Your Recruiter Knows You’re Full of S*%t
The continued increase in hiring is music to everyone’s ears. Companies are building solid teams comprised of top-notch professionals; while job seekers have the freedom to be more selective when entertaining an offer. However, the job market can still feel like a fight to the death for many looking for work. According to The Bureau of Labor Statistics, the ratio of unemployed persons to job openings was 1.5 just two months ago. “Although it varies with the company and the job, on average 250 resumes are received for each corporate opening” with industries such as Healthcare, Media, and Technology dominating.
As competition for roles rises, smart job seekers are upgrading their weapons to fight for these roles. But resume advice and LinkedIn profile tips abound and everyone knows the pitfalls to avoid. (You’re not still including your “Objectives” on your resume, are you?) So what is left for a professional to do to show that he or she is the best candidate for the job? Recent experience has shown us here at TurningPoint that many candidates are resorting to excessive use of industry-related buzzwords to fatten up their resumes and hang the shining star on their experience.
Like a twelve-year-old using thesaurus.com to write a history paper, job seekers are combing the pages of LinkedIn to find trendy buzzwords to demonstrate the skills and experiences they have to get the job done. However, like that middle school thesaurus user, many professionals have no idea what these fancy words actually mean or how they are demonstrated in the workplace… And this becomes blatantly obvious within the first 2 minutes of an interview.
Five Incorrectly and Over Used Professional Buzzwords
- Value Proposition: A value proposition should do two things: Define the value you bring to your customer or employer and state how the value you bring is different from others. Where most professionals miss the mark is that they have not invested the time to clearly identify their value proposition. Experience and education are important, but what impresses employers is concrete examples of your achievements that show you are worth their investment. Stating that you are “responsible for” a team or a specific duty does not make you stand out. Sales goals exceeded, company dollars saved, successful processes implemented: These are hard examples of what you bring with you when you walk in their door and how it differentiates you from your competition… Your value proposition.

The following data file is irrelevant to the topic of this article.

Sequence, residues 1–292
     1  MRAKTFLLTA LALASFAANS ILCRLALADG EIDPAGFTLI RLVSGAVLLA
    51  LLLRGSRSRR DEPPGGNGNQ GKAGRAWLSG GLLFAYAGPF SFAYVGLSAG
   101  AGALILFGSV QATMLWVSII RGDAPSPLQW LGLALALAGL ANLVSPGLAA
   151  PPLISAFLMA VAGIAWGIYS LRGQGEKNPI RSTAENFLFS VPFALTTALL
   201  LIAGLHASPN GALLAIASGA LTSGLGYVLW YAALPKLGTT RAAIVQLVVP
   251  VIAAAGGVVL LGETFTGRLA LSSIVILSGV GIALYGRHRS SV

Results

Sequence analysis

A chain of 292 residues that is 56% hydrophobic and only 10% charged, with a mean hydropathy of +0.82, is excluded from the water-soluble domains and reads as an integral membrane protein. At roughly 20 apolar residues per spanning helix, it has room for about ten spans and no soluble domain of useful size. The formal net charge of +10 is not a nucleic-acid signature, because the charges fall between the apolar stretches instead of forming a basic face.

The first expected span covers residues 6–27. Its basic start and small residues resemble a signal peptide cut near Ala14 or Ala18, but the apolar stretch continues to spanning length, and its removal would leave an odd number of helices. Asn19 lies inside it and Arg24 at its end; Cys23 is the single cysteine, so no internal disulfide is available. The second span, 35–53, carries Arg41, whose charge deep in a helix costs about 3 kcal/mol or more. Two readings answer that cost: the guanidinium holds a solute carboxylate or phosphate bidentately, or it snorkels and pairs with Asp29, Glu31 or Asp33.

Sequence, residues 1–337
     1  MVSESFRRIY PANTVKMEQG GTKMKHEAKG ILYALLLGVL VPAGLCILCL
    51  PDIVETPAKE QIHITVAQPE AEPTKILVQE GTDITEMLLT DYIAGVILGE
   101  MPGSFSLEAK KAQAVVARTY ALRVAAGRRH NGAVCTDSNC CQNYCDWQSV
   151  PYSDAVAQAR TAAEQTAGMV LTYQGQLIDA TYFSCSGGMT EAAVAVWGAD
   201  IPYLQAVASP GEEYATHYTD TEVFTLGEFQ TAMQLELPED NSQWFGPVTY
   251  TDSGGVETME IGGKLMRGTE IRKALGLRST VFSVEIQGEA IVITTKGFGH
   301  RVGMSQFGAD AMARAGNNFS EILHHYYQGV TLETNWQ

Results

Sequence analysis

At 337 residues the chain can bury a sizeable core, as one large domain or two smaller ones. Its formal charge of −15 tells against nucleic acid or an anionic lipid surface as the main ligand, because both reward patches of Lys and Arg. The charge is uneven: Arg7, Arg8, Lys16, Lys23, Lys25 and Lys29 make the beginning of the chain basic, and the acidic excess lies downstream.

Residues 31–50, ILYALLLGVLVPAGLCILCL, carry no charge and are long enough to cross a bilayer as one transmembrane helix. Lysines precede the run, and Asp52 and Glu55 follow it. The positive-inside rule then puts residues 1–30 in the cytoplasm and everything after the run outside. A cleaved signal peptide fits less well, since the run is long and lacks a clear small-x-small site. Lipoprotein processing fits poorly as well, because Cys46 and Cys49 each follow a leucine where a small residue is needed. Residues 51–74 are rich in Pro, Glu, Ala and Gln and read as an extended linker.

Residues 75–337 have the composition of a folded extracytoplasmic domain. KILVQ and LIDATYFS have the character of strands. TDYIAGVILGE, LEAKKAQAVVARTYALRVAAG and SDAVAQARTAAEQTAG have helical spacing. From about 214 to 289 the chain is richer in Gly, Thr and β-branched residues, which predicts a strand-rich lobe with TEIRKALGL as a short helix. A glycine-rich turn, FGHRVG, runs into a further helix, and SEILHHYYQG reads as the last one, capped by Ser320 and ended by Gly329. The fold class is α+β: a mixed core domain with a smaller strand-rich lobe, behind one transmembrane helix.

- A seat at the table: By definition, this is more than simply being management. Having a seat at the table means that you are actively part of the strategy and decision making process within your company. If you are going to discuss your seat at the table in a prior role, be ready to discuss the decision making process you participated in. It may not be possible (nor advisable) to take sole credit for ideas. However, demonstrating how your role, working alongside other departments and leaders, in coming to a decision or implementing a new strategy. It can’t be said enough, evidence of your success is what employers what to see.